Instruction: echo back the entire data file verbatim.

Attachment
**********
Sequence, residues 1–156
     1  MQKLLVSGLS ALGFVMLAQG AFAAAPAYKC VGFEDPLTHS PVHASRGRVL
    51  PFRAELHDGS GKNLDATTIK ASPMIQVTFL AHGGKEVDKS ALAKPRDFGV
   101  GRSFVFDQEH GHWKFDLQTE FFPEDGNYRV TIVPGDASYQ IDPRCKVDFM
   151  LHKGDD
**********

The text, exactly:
Sequence, residues 1–156
     1  MQKLLVSGLS ALGFVMLAQG AFAAAPAYKC VGFEDPLTHS PVHASRGRVL
    51  PFRAELHDGS GKNLDATTIK ASPMIQVTFL AHGGKEVDKS ALAKPRDFGV
   101  GRSFVFDQEH GHWKFDLQTE FFPEDGNYRV TIVPGDASYQ IDPRCKVDFM
   151  LHKGDD